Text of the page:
Values are represented as Mean ± SEM (N=9)

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Table 5.4 Variation in heat treatment attempted in petiole samples Time of incubation at 65°C

A260/280

DNA yield

Mean±SEM

(µgDNA/gm tissue

(Minutes) 10

1.767±0.1764

207

30

1.800±0.0577

419

50

1.767±0.0333

207

60

1.867±0.066

330

70

2.100±0.4041

215

90

1.767±0.0333

304

110

1.867±0.0333

541

120

1.933±0.0881

207

Values are represented as Mean ± SEM (N=9) One of the other problems experienced with DNA isolation was increased protein coprecipitation as the reported protocol does not encompass any phenol chloroform treatment. Protein co-precipitation has also been reported by Dhakshanamoorthy and Selvaraj, 2009 where they have stated that photosynthetically active tissue contains phenolic compounds that oxidize during extraction and irreversibly interact with proteins and nucleic acids to form a gelatinous matrix. This matrix might inhibit proper extraction and amplification. Phenol is known to degrade protein present in the sample. However, it is also seen to be a deterrent as it not only is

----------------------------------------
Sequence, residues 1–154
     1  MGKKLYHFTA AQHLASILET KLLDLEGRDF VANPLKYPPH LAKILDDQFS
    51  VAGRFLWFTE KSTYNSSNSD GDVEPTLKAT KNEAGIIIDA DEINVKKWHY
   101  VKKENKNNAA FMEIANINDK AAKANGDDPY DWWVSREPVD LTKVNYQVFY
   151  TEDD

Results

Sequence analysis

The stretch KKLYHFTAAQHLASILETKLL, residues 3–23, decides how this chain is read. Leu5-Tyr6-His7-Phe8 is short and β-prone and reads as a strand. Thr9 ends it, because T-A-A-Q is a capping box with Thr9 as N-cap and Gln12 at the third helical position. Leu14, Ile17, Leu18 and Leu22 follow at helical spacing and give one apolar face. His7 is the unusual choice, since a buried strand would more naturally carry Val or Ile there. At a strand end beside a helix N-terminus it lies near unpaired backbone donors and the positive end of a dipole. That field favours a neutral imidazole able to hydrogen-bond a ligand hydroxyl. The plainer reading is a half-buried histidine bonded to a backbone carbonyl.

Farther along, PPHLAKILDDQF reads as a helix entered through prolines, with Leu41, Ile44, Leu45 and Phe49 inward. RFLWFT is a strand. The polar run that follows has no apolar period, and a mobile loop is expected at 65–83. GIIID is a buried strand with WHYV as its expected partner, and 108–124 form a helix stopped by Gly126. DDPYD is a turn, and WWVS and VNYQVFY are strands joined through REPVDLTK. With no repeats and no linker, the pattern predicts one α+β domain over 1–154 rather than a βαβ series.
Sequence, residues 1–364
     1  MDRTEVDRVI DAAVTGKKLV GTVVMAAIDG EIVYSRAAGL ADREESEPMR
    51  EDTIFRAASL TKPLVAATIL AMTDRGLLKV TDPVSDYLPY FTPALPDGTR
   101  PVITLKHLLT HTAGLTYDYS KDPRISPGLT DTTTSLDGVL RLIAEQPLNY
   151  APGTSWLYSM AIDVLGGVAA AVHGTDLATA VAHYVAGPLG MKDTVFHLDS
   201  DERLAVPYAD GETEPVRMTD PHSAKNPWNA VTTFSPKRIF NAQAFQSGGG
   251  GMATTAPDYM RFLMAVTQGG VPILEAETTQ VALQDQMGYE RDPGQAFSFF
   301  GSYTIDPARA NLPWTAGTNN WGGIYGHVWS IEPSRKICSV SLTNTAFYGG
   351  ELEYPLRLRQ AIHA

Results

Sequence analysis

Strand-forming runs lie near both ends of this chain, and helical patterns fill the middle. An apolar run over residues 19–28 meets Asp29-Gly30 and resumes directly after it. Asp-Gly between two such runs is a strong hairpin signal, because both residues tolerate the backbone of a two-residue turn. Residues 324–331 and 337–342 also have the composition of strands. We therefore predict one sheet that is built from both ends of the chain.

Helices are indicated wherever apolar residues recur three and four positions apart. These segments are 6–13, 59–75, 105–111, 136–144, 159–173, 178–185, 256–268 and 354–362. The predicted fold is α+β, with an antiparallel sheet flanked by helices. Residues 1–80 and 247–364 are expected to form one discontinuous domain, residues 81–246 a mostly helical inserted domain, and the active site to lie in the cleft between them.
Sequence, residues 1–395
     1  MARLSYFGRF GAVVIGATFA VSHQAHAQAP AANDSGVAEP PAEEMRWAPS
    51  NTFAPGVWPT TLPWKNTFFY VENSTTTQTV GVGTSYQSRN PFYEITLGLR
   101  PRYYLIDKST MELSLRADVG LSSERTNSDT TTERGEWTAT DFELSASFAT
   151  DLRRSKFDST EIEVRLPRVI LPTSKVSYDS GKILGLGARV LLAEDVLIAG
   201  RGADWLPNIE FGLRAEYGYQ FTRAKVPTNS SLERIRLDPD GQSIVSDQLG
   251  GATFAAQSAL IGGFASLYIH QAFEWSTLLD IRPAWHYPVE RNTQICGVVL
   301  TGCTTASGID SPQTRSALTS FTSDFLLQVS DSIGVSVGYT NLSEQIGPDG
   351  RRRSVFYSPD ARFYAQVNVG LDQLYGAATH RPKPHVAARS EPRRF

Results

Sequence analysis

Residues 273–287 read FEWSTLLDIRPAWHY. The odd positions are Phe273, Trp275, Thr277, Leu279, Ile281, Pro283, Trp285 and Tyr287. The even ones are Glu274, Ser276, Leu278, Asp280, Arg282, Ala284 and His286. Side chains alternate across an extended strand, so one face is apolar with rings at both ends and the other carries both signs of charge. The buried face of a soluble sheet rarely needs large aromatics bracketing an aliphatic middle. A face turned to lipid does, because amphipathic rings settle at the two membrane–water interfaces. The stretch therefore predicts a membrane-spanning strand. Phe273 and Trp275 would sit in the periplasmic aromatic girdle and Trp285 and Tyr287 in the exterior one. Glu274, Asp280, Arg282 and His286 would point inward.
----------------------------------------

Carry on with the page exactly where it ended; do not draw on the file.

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toxic in nature but residual phenol in the extract also hampers yield of DNA. When phenol was used in the current study, it did not help in eradication of protein that was contaminating the DNA sample. This problem was not overcome even by the use of beta-mercaptoethanol as mentioned in the reported protocol. Hence, the phenol treatment step was dropped and DNA extraction was attempted using chloroform: isoamyl alcohol (24:1). Treatment with chloroform:isoamylalcohol (24:1) was introduced to remove extra proteins present in the sample. Pamidimarri et al, 2009 emphasized on the use of phenol for removal of proteins as it was found to affect the A260/280. However, in the present study A260/280 in the range of 1.7 to 2.0 was obtained even in the absence of phenol in extraction procedure. The protocol mentions the use of TE along with salt and isopropanol for DNA precipitation. However, residual EDTA of the TE buffer could affect the further series of reactions like PCR amplification and hence, TE was omitted from the treatment and only salt and isopropanol were used for salt–DNA complex precipitation. This also did not affect the yield of isolated DNA. This modified protocol could be used for different tissues like nodes, leaves and petioles. Of all the samples tried it could be concluded that petiole proved to be a better sample for obtaining high quality and quantity of DNA suitable for further downstream processing. Since in this study young leaf samples were incorporated, many a times pigmentation was seen even in the DNA so obtained. On the other hand, nodes being hardy in nature, may at times, lead to lower levels of DNA. The modified protocol for successful DNA isolation from various plant samples is thus outlined below: Chop 0.3 g of leaf tissue using fine blade and grind petiole samples to a fine power using precooled (-20°C) mortar and pestle . Transfer the powder to microfuge tube. Add 300 µl buffer A, 900 µl buffer B, and 100 µl SDS. Vortex the mixture. Incubate in a water bath at 65ºC for 60 minutes.